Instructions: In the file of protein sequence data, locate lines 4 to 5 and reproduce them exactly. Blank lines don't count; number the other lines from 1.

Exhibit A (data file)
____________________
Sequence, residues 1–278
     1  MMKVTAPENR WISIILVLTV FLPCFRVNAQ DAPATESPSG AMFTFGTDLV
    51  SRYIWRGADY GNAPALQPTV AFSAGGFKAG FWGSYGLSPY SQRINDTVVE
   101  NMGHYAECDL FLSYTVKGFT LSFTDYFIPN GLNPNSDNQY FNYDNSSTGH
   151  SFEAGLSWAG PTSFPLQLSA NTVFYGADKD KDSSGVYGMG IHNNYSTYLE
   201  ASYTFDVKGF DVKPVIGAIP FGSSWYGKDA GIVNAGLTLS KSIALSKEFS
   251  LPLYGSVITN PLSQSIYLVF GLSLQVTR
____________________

   101  NMGHYAECDL FLSYTVKGFT LSFTDYFIPN GLNPNSDNQY FNYDNSSTGH
   151  SFEAGLSWAG PTSFPLQLSA NTVFYGADKD KDSSGVYGMG IHNNYSTYLE